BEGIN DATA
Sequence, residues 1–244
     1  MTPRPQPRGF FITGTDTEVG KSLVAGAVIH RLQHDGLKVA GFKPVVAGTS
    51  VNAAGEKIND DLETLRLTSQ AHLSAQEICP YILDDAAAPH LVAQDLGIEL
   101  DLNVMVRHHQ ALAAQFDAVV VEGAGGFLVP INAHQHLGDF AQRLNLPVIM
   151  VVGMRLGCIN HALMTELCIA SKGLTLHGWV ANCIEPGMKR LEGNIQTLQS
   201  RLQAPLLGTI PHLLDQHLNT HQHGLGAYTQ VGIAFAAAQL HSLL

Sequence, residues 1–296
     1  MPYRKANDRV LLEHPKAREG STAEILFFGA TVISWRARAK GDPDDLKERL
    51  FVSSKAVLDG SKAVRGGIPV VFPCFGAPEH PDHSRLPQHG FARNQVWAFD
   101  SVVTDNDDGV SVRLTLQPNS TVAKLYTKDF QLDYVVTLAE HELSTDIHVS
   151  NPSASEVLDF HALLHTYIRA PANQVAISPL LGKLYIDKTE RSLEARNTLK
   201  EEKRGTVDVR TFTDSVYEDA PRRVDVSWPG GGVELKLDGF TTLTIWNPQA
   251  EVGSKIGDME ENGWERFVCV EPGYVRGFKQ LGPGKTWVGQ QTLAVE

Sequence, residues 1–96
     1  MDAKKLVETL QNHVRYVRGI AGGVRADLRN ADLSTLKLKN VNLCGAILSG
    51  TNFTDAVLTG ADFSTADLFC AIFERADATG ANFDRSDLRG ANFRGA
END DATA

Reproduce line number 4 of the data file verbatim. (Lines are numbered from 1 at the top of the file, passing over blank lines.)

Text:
   101  DLNVMVRHHQ ALAAQFDAVV VEGAGGFLVP INAHQHLGDF AQRLNLPVIM